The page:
Step 3: Logistics
If you are requiring your students to use a digital tool for an assignment, think about how much training they require. For example, do you need to schedule a training session outside of class or can you cover what they need to know in a 15-minute introductory session? Are there freely available tutorials on the web? Do students need to signup for software? Is it free? Do students need specific hardware? Do all students have access to a suitable device? If not, how will you make it available to them? Think also about the longevity of the tool itself. If you plan to use the tool in a future class, will the technology still be available? What is the likelihood that it will have changed in ways that alter the goals of the assignment or the ease with which students will be able to complete the assignment?
Think about how students are going to submit the assignment to you and how you are going to archive the assignments. Will the assignment be available for you to review in a few months time? Does it need to be? Tweets, for example, disappear quickly – you may need to develop a way to archive tweets throughout the semester. You may also want to think about a way to digitally archive student projects so that they are available for your teaching portfolio or to serve as sample student works for the future.
Step 4: Grading
Think about the way that you will grade the assignment well in advance. Provide this information to students as early as possible so that they’re aware of the parameters of the assignment since using new digital tools for academic work may not be familiar to them. Having a grading rubric that clearly describes (for you and for students) what criteria will be used to grade the assignment and sharing it with the students in advance is a good idea.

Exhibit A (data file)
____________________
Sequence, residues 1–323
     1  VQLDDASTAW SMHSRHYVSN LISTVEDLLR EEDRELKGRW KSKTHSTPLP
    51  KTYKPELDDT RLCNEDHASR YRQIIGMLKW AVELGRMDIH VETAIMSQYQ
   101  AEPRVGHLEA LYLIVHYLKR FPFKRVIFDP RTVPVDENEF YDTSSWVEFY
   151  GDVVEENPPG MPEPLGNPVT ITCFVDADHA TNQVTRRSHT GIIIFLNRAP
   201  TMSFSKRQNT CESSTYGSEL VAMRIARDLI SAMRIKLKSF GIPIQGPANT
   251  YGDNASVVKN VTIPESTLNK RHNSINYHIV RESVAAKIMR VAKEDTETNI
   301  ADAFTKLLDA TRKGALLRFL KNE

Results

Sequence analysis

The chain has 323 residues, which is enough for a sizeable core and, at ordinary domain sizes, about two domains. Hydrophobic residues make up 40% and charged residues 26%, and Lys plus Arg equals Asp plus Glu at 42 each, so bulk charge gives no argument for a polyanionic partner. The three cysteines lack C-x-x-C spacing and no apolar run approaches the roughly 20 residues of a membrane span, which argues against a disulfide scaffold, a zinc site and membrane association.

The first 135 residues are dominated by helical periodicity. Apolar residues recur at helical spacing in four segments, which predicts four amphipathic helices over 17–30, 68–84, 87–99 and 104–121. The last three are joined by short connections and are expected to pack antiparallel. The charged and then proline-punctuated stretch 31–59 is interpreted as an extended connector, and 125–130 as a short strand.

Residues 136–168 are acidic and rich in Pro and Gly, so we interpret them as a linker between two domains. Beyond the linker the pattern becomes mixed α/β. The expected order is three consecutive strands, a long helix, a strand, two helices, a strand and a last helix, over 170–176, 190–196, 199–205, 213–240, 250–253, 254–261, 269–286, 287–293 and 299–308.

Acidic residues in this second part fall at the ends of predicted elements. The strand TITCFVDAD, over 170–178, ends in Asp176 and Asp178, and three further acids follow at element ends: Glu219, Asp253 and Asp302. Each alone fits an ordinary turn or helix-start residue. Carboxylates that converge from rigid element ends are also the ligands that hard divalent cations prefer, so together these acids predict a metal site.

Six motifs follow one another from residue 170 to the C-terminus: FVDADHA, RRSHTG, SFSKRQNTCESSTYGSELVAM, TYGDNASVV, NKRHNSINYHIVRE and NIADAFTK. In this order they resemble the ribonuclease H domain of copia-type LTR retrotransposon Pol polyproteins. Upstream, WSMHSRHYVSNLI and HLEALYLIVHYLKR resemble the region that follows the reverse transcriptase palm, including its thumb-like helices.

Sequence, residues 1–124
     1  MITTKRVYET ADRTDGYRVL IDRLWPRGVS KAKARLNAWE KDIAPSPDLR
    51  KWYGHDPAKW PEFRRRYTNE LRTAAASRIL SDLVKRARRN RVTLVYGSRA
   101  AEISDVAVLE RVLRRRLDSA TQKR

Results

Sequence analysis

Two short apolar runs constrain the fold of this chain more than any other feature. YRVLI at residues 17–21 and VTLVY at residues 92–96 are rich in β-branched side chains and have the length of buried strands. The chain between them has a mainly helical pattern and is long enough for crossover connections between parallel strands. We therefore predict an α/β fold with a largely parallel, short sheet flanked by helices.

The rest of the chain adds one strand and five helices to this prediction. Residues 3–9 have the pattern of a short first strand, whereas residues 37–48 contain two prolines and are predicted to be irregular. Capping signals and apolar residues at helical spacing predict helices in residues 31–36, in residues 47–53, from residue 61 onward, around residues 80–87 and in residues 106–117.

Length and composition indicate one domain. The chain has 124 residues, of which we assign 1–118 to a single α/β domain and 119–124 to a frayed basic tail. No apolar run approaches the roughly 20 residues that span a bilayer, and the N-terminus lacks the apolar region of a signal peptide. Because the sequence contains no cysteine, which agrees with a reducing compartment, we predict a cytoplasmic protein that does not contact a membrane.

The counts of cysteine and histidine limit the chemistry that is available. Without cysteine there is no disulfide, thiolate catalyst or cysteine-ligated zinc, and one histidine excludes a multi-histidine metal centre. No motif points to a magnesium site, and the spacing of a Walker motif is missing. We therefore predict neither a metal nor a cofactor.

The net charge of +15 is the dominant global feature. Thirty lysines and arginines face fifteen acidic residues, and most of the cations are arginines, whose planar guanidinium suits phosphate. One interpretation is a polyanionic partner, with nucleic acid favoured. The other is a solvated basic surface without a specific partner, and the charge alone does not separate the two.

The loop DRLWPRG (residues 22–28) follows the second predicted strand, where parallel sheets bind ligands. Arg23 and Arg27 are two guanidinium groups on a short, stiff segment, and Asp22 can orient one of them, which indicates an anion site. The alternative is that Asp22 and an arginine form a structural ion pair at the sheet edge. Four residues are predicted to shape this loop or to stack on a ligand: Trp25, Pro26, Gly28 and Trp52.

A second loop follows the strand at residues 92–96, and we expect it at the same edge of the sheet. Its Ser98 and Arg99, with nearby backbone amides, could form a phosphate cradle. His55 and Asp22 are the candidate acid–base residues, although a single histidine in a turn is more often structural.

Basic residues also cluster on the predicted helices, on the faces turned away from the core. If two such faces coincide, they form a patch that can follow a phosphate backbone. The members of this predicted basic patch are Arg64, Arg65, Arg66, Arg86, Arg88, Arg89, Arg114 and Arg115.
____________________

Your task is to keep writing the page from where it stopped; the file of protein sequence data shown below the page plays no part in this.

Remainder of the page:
It would be a good idea to treat the assignment like an extension of students’ learning, even if it’s just giving them the opportunity to explore new technologies. In deciding how to grade the assignment, think about learning goals just as you would with a traditional assignment so that students understand that the assignment is worthwhile. You might, for example, build into the assignment the process of learning the tool, especially if it is an uncommon one, and encourage students to document their failures.
Step 5: Assessing the assignment’s success
After completing the assignment, assess how well it went and what you can do to improve it during the next iteration. Consider surveying the students about their experience. Did they feel prepared? Did they understand the goals of the assignment? Did they have adequate time to complete the assignment? How might you address any problems that arose? In terms of your own pedagogy, think about whether the assignment worked as you intended. What challenges did you encounter that you hadn’t expected? What was the root of the challenge and how might you address it in future iterations of the assignment?
Sample digital assignments
- Using Wordle with student writers
- Curating visual exhibits with CSP students
- Exploring central course content through Bitstrips
- Encouraging student creativity through digital tools
This post grew out of a Digital Pedagogy Faculty Learning Community attended by Ron Buckmire, Hanan Elsayed, Edmond Johnson, Krystale Littlejohn, and Adrianne Wadewitz and sponsored by the Center for Teaching Excellence and the Center for Digital Learning and Research.